by Michael dEstries
Categories: Film/TV
Tags: .

jones skull

We all know how passionate Harrison Ford is about stopping deforestation in the Amazon, but might he also have found a way to incorporate those values into the latest Indiana Jones movie? If you’re interested in doubling up on that spoonful of conjecture, please, continue reading. 

You see, there’s a very interesting article up on MSNBC highlighting the real history of the sacred crystal skulls — basically the major plot point everything revolves around in Indy IV. In the jungles of Southern Mexico, there exists today the last unassimilated Mayas that still worship the skulls. According to priests, the idols have special powers, including “the ability to stave off sickness and deforestation in the rain forest” where the last Mayans still live.

While the movie may only focus on one of these skulls, supposedly there are 13 scattered about that were once used by the Ancient Mayans. According to legend, when the Mayan calendar reaches the end of its 5,126-year cycle on Dec. 21, 2012, all 13 skulls must be reunited and lined up together to prevent the world from falling off its axis. From the article,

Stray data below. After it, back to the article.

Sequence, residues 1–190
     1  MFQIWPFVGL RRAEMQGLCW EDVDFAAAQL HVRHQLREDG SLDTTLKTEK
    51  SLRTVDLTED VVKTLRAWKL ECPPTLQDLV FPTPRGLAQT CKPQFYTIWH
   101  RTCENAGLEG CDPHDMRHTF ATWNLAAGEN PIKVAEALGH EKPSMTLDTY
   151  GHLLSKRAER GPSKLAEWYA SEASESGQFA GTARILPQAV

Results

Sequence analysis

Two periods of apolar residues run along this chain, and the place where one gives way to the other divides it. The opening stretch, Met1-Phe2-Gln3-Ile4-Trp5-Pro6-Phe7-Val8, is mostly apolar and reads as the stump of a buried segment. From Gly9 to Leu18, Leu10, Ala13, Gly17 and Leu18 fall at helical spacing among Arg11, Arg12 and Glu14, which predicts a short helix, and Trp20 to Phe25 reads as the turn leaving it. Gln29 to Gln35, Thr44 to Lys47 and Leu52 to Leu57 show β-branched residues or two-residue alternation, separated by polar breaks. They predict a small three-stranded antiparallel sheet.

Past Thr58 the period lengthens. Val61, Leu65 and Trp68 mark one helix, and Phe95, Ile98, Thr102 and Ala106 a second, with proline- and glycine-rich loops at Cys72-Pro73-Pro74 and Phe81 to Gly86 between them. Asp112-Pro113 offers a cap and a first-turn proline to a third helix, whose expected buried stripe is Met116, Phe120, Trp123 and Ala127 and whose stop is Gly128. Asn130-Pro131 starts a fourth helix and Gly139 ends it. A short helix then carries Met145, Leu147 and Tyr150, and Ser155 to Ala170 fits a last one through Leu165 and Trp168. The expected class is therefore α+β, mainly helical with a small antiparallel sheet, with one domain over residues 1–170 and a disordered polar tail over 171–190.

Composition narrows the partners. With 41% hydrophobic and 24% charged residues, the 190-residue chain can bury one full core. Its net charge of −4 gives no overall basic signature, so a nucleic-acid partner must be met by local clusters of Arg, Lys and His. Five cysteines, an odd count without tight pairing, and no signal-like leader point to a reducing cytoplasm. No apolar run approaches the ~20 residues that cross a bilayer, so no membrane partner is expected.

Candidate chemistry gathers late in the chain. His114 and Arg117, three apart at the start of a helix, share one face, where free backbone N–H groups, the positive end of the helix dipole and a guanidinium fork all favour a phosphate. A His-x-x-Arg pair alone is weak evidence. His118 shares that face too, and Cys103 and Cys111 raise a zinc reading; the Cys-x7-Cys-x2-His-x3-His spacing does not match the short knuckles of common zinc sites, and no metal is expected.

“I personally feel that (the skulls) are coming out now because humanity needs the information, their energy and they have probably their own purpose why they’re coming out: to help us to create world peace,” said Joshua “Illinois” Shapiro, 53, a self-described Crystal Skull Explorer who makes a living touring and giving lectures.

So, with so much at stake, it makes sense that our favorite archaeological adventurer is getting involved to help save the day. Oh, and if anyone has one of these skulls up in their attic, please make sure it gets to the Mayans by 2012. With world peace such a pipe dream at the moment — and the rainforest getting chopped — we’ll believe anything that might make a difference! 

 

About Michael dEstries

Michael has been blogging since 2005 on issues such as sustainability, renewable energy, philanthropy, and healthy living. He regularly contributes to a slew of publications, as well as consulting with companies looking to make an impact using the web and social media. He lives in Ithaca, NY with his family on an apple farm.

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